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|Title:||Maternal tract factors contribute to paternal seminal fluid impact on metabolic phenotype in offspring|
|Citation:||PNAS, 2014; 111(6):2200-2205|
|Publisher:||National Academy of Sciences|
|John J. Bromfield, John E. Schjenken, Peck Y. Chin, Alison S. Care, Melinda J. Jasper and Sarah A. Robertson|
|Abstract:||Paternal characteristics and exposures influence physiology and disease risks in progeny, but the mechanisms are mostly unknown. Seminal fluid, which affects female reproductive tract gene expression as well as sperm survival and integrity, provides one potential pathway. We evaluated in mice the consequences for offspring of ablating the plasma fraction of seminal fluid by surgical excision of the seminal vesicle gland. Conception was substantially impaired and, when pregnancy did occur, placental hypertrophy was evident in late gestation. After birth, the growth trajectory and metabolic parameters of progeny were altered, most profoundly in males, which exhibited obesity, distorted metabolic hormones, reduced glucose tolerance, and hypertension. Altered offspring phenotype was partly attributable to sperm damage and partly to an effect of seminal fluid deficiency on the female tract, because increased adiposity was also evident in adult male progeny when normal two-cell embryos were transferred to females mated with seminal vesicle-excised males. Moreover, embryos developed in female tracts not exposed to seminal plasma were abnormal from the early cleavage stages, but culture in vitro partly alleviated this. Absence of seminal plasma was accompanied by down-regulation of the embryotrophic factors Lif, Csf2, Il6, and Egf and up-regulation of the apoptosis-inducing factor Trail in the oviduct. These findings show that paternal seminal fluid composition affects the growth and health of male offspring, and reveal that its impact on the periconception environment involves not only sperm protection but also indirect effects on preimplantation embryos via oviduct expression of embryotrophic cytokines.|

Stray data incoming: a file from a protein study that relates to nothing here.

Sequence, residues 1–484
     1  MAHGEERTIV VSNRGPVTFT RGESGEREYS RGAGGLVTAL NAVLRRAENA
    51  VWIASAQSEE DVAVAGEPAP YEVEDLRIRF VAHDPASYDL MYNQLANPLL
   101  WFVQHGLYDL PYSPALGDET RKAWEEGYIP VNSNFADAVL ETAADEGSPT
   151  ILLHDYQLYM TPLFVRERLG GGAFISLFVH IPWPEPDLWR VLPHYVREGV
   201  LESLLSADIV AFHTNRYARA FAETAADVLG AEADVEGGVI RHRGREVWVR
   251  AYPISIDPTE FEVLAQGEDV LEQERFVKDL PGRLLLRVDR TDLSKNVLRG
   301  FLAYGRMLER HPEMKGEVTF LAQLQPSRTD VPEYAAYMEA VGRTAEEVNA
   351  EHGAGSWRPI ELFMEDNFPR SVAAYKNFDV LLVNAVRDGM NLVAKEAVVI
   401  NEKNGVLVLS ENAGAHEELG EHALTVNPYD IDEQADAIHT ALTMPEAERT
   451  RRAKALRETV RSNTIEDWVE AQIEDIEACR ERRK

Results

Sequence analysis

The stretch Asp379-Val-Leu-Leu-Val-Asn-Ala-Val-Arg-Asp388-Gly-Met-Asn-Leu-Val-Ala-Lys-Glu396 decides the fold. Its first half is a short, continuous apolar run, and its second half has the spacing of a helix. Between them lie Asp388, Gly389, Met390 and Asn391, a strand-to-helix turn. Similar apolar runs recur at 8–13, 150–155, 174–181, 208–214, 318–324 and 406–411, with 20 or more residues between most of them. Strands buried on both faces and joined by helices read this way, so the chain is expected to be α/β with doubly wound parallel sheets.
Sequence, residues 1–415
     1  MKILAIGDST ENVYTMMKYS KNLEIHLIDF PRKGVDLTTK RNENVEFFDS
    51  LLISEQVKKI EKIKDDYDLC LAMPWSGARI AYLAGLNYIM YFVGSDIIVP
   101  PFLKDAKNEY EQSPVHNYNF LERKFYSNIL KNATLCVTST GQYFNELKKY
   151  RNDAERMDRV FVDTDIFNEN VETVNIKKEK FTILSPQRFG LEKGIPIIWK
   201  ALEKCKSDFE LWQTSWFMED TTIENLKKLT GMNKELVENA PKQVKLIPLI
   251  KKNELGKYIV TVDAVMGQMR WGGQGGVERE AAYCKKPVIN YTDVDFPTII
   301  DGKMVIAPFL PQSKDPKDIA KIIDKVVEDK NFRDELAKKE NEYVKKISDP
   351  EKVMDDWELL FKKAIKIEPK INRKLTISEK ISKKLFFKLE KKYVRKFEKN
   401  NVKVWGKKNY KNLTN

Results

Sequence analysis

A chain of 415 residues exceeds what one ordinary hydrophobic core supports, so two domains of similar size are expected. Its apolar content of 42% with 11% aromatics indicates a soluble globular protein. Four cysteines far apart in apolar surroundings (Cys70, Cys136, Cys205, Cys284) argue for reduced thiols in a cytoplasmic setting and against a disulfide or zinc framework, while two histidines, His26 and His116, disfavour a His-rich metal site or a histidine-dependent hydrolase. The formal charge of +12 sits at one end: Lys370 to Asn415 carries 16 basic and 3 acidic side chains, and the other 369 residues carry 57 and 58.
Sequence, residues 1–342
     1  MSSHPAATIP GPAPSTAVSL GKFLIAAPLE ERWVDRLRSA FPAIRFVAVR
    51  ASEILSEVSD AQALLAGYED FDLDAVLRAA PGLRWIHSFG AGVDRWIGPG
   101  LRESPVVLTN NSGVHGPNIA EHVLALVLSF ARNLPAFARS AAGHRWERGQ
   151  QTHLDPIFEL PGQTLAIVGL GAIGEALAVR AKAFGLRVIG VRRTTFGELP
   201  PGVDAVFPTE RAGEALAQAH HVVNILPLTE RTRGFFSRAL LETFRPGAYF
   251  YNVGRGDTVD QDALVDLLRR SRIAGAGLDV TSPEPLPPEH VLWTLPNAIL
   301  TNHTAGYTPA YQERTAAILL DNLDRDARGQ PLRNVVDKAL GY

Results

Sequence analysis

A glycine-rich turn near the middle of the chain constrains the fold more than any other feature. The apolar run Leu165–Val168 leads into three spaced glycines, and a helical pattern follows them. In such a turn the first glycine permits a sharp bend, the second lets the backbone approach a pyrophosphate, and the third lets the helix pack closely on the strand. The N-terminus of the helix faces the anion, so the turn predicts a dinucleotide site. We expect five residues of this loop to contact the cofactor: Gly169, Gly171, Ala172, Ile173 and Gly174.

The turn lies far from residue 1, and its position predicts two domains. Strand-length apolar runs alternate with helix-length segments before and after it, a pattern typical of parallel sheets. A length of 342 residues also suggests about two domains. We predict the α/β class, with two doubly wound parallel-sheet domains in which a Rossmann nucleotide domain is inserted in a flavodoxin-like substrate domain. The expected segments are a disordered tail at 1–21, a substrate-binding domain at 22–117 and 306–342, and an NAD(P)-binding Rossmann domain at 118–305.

|Keywords:||Embryo development; programming; metabolic disorder; fertility; growth factors|
|Description:||This article contains supporting information online at www.pnas.org/lookup/suppl/doi:10.1073/pnas.1305609111/-/DCSupplemental.|
|Rights:||© 2014 National Academy of Sciences. Freely available online through the PNAS open access option.|
|Appears in Collections:||Paediatrics publications|
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